The Falcons have been hesitant to load up on pass rushers for years now, but after Vic Beasley’s departure in free agency, it is a need that is going to be impossible for them to ignore. Atlanta has to add multiple guys that can get after the quarterback, and few can do that better in this year’s draft than LSU’s defensive end/linebacker K’Lavon Chaisson.
The first thing many people are going to look at is the stat sheet, but if you do that with Chaisson, you’re selling yourself short. From the moment this 6’4″, 250-pound athletic specimen stepped on LSU’s campus, coaches raved about his potential and what he was going to accomplish as a member of Tiger nation.
Rarely do you see many freshmen play for LSU’s defense, but Chaisson participated in ten games as an 18-year-old, generating 27 total tackles, including 4.5 for loss and two sacks. His sophomore campaign was supposed to be his coming-out party, but a torn ACL in the first week of the season sidelined him for the rest of the year. Following his return from injury, it took Chaisson a little to get going as a junior. An ankle issue also cost him a couple of games and slowed him down even more. But by the end of the year, he was the second-most important player on LSU’s national championship defense (behind only Derek Stingley), racking up 5.5 sacks in the Tigers last five games, finally showing the production that many had been waiting for over three years in Baton Rouge.
But as I said, I don’t want to judge these prospects purely off their production — good or bad — so let’s look at what Chaisson brings to the table that is going to translate to the next level.
You can’t talk about this guy without mentioning his ideal body type and athleticism. He’s long, strong, and weighs 250 pounds with about two ounces of fat on him. Unfortunately, he will not be competing in drills at the Combine but expect him to at LSU’s Pro-Day. Chaisson is going to lite the world on fire with his speed, strength, and agility. Whatever teams might knock him for in regards to his lack of college production will quickly be forgotten after his performance at Pro-Day. But as we saw with Vic Beasley, it’s not all about the look or The Combine/Pro-Days either.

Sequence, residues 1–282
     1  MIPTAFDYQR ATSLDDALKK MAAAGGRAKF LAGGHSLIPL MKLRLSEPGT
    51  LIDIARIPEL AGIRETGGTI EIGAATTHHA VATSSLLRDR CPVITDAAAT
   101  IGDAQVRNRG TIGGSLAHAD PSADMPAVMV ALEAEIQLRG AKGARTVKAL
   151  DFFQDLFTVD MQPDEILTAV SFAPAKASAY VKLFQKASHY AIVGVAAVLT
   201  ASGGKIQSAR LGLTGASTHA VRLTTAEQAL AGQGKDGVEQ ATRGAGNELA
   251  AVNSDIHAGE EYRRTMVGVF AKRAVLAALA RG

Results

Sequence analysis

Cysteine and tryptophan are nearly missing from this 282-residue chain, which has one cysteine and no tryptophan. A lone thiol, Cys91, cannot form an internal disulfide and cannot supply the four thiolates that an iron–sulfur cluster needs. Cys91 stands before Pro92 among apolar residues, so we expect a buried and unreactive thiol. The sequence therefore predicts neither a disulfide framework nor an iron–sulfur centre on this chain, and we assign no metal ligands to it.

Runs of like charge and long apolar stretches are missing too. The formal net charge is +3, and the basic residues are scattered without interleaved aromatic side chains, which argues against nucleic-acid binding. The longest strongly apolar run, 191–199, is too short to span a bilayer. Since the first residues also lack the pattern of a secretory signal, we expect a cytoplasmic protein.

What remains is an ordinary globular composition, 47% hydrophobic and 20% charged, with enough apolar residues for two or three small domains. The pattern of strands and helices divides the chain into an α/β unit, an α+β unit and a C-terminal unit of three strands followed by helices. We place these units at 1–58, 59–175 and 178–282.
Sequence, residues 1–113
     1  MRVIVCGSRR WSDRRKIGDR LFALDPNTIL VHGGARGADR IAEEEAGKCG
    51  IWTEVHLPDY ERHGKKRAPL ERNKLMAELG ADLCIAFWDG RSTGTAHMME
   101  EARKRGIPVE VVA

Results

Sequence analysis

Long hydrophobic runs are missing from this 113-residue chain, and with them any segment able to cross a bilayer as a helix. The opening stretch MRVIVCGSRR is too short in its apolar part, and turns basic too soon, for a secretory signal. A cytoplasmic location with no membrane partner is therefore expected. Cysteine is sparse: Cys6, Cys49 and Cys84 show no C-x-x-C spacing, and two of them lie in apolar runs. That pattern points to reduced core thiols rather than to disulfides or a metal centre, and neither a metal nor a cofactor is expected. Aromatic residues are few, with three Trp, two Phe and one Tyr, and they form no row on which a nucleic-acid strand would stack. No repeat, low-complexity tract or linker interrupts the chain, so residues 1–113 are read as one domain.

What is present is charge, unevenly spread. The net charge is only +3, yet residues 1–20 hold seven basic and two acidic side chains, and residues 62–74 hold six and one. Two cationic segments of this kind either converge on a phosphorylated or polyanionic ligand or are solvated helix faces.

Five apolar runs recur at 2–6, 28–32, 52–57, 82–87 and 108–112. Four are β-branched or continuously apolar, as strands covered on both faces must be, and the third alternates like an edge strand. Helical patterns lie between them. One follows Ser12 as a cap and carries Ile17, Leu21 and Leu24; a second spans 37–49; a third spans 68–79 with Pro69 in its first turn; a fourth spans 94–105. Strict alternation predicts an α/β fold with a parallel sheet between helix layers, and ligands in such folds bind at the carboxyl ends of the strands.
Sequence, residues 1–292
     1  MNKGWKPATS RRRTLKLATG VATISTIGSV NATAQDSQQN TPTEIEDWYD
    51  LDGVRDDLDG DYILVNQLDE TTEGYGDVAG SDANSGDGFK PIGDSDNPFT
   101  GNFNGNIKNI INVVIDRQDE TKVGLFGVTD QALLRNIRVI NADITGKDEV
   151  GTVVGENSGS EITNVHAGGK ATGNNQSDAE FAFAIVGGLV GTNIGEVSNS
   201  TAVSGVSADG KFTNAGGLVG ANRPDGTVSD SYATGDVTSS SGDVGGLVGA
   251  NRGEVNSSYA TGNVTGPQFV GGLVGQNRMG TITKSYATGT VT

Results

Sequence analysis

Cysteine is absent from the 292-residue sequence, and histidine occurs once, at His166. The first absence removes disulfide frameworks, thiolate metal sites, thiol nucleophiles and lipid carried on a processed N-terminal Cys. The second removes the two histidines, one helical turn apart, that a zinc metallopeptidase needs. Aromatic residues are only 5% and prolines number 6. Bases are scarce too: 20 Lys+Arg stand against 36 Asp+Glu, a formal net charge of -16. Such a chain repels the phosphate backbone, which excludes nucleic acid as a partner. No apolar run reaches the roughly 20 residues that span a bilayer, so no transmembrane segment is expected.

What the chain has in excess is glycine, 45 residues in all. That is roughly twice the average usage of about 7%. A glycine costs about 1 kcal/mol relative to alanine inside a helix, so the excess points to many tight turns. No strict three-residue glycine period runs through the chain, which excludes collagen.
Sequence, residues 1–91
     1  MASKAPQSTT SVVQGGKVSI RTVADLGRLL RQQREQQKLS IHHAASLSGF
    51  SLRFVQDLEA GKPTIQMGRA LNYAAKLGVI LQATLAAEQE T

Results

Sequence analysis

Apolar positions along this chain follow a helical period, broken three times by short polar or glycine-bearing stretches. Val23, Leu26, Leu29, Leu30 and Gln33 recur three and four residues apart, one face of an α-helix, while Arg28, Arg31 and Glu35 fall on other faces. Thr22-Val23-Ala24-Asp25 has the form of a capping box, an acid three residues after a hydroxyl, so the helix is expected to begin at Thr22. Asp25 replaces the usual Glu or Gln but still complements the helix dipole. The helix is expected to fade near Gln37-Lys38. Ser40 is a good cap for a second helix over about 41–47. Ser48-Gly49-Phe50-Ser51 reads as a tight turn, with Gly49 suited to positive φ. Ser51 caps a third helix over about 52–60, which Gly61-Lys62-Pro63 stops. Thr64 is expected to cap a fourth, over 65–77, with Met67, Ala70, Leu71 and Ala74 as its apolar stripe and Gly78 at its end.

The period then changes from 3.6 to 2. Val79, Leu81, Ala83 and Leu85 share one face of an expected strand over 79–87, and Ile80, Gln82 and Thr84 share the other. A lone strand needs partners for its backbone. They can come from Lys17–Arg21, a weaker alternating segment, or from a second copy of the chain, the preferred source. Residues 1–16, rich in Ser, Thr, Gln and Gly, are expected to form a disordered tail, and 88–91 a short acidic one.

Beasley was a Combine warrior but lacked the necessary skills to become a consistent All-Pro type defensive player. He had one move, which was his speed and jump off the snap. If that didn’t work, he found himself out of the play altogether. That won’t be the case for Chaisson. He’s explosive off the line like Beasley and fast but is significantly better with his hands and showcased an array of moves over his collegiate career. He can be used in a variety of different roles — one-on-one on the outside or stunt to the inside — and is strong at the point of attack, as he showed in the CFP against Oklahoma, where he was named the MVP of the game, but it’s not all abut pass rushing for Chaisson.
He is just as good against the run as he is at getting after the passer. He does a fantastic job of setting the edge and is tremendous at tracking down ball carriers and finishing when he gets there. These are all things that were non-existent with Beasley, who was one of the worst defenders against the run and tacklers I have ever seen.
There are going to be questions about Chaisson’s production, and rightfully so. He only played in 27 games, started 16 of them and has 9.5 career sacks. But one look at LSU’s tape this past year, and it’s easy to recognize he is one of the best players on the field every week, especially as he got healthier as the season progressed. Dan Quinn would have a field day using him due to his versatility, and he could step in and start from day one. As far as potential goes, few have a higher ceiling, given he might be the most athletic pass rusher in the draft.
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